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Rocky Mountain Health Maintenance Organization, Inc. v. Azar

United States District Court, District of Columbia

April 29, 2019

ROCKY MOUNTAIN HEALTH MAINTENANCE ORGANIZATION, INC., Plaintiff,
v.
ALEX M. AZAR, II,[1] Defendant.

          MEMORANDUM OPINION

          Amit P. Mehta United States District Court Judge.

         I. INTRODUCTION

         Plaintiff Rocky Mountain Health Maintenance Organization challenges an adverse decision by the Administrator of the Centers for Medicare & Medicaid Services (“CMS”), finding that Plaintiff received nearly $16 million in excess Medicare reimbursement over a four-year period. Following an initial round of summary judgment briefing, the court declined to reach the merits of the parties' dispute and instead remanded the matter to the agency to resolve two issues. The first was whether the Administrator had the authority to review and reverse the decision of two CMS Hearing Officers, who held that CMS had not over-reimbursed Plaintiff. The second was whether, under the relevant regulations, the Administrator's failure to complete review of the Hearing Officers' ruling within 60 days caused the Hearing Officers' decision to become final. The Administrator answered the court's first question “yes” and the second question “no.” In other words, the Administrator ruled that she possessed the authority to review the CMS Hearing Officers' decision, but that their decision did not become final merely because the Administrator took more than 60 days to overrule it.

         This case now returns to the court, with Plaintiff also contesting the Administrator's rulings on the two remanded issues. Once again, the court does not reach the merits of the Administrator's decision that Plaintiff received excessive reimbursement. Instead, the court finds that, under controlling CMS regulations, the CMS Hearing Officers' decision became final when the Administrator failed to act within 60 days of Plaintiff's receipt of the ruling. The Administrator's reversal determination therefore exceeded her authority. Consequently, the court grants summary judgment in favor of Plaintiff and against Defendant.

         II. BACKGROUND

         A. Factual Background

         A full recitation of the factual background in this matter may be found in the court's March 22, 2018, Memorandum Opinion and Order. See March 22, 2018 Mem. Op. and Order, ECF No. 22 [hereinafter Mem. Op. and Order]. The court sets forth only an abbreviated factual background section here.

         Plaintiff is only one of 20 cost-reimbursed HMOs in the country. See Pl.'s Mot. for Summ. J., ECF No. 14, Mem. in Supp., ECF No. 14-1 [hereinafter Pl.'s Mem.], at 3-4; Def.'s Cross-Mot. for Summ. J., ECF No. 15, Def.'s Mem. in Supp., ECF No. 15-1 [hereinafter Def.'s Mem.], at 5. Plaintiff does not employ its own health care specialists to deliver services. Rather, it supplies services to its members indirectly through agreements with physicians, physician groups, and other health care specialists, who are the direct providers of medical services. Joint Appendix, ECF No. 20 [hereinafter JA], at 42.[2]

         Plaintiff's members include both Medicare and non-Medicare enrollees. As a cost-reimbursed HMO, Plaintiff is entitled under the Medicare Act to reimbursement for the “reasonable cost” of the covered services it provides to its Medicare beneficiaries. See generally 42 U.S.C. § 1395mm(h). The Act defines the “reasonable cost” of reimbursable services, in relevant part, as “the cost actually incurred, excluding therefrom any part of incurred cost found to be unnecessary in the efficient delivery of needed health services.” Id. § 1395x(v)(1)(A). A cost-reimbursed HMO's “cost actually incurred” is determined by a formula specified by agency regulation. The regulation in question-the “Cost Apportionment Regulation”-provides:

Medical services furnished under an arrangement that provides for the HMO . . . to pay on a fee-for-service basis. The Medicare share of the cost of Part B physician and supplier services furnished to Medicare enrollees under arrangements, and paid for by the HMO . . . on a fee-for-service basis, is determined by multiplying the total amount for all such services by the ratio of charges for covered services furnished to Medicare enrollees to the total charges for all such services.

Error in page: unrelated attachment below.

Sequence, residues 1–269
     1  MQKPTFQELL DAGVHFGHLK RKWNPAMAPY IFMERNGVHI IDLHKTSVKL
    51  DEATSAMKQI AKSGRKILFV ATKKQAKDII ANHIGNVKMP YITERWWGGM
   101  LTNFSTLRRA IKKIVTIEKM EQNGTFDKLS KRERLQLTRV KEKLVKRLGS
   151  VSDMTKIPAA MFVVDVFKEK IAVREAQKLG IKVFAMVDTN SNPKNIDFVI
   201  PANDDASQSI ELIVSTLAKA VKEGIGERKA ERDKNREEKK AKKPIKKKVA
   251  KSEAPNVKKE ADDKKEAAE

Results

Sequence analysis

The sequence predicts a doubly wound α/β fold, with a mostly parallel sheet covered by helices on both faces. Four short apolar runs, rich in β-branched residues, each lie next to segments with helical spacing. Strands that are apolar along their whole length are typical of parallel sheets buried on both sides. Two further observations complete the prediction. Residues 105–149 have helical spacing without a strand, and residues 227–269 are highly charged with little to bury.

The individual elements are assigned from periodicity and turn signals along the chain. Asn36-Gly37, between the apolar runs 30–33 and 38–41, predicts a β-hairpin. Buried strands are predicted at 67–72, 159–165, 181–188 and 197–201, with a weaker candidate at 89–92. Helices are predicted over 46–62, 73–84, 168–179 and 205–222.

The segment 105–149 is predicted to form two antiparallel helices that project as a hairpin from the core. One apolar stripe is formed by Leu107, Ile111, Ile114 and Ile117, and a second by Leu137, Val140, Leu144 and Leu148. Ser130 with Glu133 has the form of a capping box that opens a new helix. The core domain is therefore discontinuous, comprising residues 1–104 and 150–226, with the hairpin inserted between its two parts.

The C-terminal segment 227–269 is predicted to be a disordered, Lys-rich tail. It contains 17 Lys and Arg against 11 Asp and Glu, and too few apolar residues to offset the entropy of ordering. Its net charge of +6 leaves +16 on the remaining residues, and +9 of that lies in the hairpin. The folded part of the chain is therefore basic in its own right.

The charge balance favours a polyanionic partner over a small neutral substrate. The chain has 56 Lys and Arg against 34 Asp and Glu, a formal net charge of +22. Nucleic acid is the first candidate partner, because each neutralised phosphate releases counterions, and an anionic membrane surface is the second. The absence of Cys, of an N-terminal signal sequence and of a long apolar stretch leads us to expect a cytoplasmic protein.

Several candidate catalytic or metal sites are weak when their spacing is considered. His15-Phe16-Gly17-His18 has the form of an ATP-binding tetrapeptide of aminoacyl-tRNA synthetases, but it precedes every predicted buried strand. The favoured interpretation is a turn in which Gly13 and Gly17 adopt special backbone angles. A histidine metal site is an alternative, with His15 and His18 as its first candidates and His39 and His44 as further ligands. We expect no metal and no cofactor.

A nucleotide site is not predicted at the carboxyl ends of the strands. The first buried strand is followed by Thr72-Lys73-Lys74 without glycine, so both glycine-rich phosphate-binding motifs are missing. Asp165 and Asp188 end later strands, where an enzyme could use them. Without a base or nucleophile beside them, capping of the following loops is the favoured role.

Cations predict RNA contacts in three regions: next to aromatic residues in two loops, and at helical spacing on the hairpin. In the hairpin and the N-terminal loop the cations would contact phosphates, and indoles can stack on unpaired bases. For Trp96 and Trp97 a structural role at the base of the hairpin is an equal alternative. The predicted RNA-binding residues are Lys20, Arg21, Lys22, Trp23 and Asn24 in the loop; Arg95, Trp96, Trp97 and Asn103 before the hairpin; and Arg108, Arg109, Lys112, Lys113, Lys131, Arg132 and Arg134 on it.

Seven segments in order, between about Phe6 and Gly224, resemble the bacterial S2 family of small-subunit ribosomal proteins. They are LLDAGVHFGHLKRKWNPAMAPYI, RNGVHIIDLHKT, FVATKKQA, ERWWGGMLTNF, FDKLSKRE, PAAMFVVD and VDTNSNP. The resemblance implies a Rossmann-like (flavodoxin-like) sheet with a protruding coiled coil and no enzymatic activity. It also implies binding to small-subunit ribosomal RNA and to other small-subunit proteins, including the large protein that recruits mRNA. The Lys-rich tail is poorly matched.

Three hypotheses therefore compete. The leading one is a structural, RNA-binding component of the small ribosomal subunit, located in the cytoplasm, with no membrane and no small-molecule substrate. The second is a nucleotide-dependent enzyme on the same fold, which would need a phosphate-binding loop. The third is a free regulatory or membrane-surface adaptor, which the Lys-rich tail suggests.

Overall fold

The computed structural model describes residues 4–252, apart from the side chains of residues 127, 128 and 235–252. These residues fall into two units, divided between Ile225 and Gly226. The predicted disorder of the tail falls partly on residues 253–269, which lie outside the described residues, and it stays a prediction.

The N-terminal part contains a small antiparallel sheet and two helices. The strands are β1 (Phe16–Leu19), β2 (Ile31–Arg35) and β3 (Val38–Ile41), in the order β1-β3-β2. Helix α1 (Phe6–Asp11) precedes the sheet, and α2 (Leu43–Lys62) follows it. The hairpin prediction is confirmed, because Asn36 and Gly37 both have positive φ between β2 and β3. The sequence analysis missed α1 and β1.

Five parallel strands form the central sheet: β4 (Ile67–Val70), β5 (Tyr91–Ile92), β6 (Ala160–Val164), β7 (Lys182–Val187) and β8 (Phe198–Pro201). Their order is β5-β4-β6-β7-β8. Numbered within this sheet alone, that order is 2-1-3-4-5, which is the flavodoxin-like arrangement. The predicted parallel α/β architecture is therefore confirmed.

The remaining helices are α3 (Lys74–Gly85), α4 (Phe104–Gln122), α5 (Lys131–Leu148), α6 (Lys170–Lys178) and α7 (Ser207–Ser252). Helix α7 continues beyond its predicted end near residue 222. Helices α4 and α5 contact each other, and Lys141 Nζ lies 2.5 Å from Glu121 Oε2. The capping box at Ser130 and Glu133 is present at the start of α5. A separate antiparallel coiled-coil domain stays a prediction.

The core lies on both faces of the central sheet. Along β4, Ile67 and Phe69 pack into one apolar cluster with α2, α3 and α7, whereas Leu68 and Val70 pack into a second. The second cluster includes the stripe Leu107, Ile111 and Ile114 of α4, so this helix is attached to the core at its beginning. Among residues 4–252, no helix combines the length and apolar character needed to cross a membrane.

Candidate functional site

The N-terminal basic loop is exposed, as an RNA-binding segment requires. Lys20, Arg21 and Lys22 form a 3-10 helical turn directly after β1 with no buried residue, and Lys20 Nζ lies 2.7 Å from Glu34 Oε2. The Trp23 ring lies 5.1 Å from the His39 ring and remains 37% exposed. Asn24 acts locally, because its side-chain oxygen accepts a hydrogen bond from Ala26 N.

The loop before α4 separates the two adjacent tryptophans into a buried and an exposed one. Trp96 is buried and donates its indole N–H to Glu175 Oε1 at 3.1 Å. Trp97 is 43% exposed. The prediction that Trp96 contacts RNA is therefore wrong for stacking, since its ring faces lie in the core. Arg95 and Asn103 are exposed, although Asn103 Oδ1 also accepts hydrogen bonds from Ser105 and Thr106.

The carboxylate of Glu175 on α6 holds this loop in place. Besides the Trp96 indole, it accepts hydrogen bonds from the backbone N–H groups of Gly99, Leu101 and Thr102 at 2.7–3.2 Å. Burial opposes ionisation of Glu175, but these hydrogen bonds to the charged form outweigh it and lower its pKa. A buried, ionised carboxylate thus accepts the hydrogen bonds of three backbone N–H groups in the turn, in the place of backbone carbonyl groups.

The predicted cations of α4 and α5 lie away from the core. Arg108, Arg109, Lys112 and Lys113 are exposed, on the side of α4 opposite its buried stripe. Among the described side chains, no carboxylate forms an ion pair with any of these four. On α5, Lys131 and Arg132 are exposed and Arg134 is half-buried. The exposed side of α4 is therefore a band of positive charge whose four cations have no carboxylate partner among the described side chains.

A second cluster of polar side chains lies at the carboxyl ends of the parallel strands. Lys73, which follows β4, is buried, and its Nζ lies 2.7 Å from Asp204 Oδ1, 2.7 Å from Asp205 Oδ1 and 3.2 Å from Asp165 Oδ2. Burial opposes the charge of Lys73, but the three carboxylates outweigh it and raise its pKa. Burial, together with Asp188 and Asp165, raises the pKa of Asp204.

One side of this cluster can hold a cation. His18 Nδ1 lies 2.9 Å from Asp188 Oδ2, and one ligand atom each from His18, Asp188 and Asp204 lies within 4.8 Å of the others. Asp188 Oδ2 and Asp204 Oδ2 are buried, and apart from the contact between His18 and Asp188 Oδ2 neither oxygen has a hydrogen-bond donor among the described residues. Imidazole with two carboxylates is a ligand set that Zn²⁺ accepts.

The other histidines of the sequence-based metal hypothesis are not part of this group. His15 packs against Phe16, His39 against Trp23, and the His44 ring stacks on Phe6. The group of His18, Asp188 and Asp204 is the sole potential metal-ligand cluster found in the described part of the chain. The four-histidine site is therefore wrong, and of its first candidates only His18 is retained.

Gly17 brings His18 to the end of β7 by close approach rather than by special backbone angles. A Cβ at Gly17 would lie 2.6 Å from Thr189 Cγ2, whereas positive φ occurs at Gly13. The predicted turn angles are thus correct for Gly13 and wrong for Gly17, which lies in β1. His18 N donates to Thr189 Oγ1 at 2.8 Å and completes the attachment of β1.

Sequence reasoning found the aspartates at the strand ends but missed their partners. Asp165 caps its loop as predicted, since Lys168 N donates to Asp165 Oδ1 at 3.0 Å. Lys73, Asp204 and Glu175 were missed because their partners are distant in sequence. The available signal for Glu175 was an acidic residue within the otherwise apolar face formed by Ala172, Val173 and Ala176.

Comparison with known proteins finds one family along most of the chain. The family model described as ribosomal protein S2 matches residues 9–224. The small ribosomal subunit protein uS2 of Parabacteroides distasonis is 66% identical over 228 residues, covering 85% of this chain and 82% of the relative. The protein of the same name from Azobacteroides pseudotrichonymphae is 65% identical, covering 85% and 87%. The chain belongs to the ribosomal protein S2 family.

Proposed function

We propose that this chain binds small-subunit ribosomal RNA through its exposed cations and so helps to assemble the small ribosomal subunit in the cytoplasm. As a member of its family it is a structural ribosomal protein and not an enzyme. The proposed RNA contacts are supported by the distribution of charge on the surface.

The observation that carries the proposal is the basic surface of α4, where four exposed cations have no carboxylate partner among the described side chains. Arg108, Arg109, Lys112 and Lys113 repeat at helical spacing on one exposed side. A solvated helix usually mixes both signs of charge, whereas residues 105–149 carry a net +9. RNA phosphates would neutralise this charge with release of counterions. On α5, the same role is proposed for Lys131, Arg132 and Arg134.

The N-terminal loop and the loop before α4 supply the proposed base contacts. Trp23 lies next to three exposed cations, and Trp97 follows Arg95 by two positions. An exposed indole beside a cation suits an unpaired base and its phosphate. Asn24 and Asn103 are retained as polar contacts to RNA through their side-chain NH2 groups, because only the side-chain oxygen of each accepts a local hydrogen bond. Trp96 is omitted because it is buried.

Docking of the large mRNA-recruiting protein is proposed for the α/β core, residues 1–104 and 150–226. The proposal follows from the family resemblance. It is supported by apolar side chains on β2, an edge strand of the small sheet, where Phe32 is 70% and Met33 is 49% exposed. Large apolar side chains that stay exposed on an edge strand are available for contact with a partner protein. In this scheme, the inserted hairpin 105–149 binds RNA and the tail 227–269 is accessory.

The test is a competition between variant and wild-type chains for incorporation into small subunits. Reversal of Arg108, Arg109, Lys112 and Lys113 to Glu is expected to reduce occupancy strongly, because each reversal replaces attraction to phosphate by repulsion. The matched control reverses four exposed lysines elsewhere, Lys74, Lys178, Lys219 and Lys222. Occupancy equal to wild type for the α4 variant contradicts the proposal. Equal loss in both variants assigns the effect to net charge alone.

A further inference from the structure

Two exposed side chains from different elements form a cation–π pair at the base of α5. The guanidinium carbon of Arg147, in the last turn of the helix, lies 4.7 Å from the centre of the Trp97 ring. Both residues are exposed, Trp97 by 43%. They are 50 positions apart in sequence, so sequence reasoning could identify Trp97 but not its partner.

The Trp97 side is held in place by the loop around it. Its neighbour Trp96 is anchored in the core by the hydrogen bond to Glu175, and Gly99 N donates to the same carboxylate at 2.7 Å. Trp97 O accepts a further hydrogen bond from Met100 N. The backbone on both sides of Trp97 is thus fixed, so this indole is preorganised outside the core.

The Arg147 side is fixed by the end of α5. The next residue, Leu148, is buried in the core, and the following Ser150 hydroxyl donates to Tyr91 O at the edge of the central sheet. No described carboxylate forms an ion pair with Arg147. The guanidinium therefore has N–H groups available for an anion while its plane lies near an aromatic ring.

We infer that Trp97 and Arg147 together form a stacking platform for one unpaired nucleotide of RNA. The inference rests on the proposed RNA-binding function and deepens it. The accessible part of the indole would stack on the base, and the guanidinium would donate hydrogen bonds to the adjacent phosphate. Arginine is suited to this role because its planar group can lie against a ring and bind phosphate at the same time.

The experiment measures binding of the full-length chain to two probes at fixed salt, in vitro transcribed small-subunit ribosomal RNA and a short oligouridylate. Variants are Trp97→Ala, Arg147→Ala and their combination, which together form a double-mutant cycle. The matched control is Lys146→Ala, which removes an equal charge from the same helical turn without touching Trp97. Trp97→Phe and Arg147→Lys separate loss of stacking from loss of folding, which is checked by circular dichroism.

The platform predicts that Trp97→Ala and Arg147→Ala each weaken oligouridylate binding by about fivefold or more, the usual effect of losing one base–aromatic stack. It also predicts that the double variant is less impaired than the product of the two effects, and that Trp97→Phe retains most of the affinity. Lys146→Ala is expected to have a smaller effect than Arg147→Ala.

42 C.F.R. § 417.560(c). So, under the Cost Apportionment Regulation, cost-reimbursed HMOs do not bill Medicare on a “paid claims” basis, that is, they do not bill Medicare for the actual amount the HMO pays to providers for services rendered. Rather, the Regulation takes a different approach: It employs a ratio to apportion the “costs actually incurred” between Medicare enrollees and non- Medicare enrollees. See JA at 9.

         Under this approach, a cost-reimbursed HMO calculates the sum for which Medicare is responsible by first identifying the total cost of all services, which includes both: (1) the direct costs associated with furnishing services to Medicare and non-Medicare enrollees, and (2) certain indirect costs, such as enrollment and operations costs. 42 C.F.R. § 417.560(c). That sum is then multiplied by the ratio of charges for covered services furnished to Medicare enrollees relative to the total charges for all covered services. Id. The product of that calculation results in the HMO's reimbursable “costs actually incurred.” See JA at 41-42, 46; see also 42 C.F.R. § 417.534(a) (defining “[a]llowable costs”).

         The dispute at hand concerns a category of costs that Plaintiff historically has included in its reimbursement calculations. Ordinarily, a health care supplier that contracts with Plaintiff will send its bill for services directly to Plaintiff, which in turn pays the supplier. Sometimes, however, instead of billing Plaintiff directly for the services rendered, a health care supplier will send its bill to a Medicare contractor, known as a “carrier, ” and the carrier will issue payment without involving Plaintiff. JA at 42. These direct-bill transactions are known as “carrier-paid claims.” Id. Since 1986, Plaintiff has understood the Cost Apportionment Regulation to allow carrier-paid claims to be included in its cost reports, even though Plaintiff incurs little or no out-of-pocket expense for these types of claims. See id. at 42, 714-29. This practice has resulted in larger reimbursements than if Plaintiff had excluded carrier-paid claims from the calculus. See id. at 43. Until recently, CMS had never objected to Plaintiff's inclusion of carrier-paid claims in its cost reports.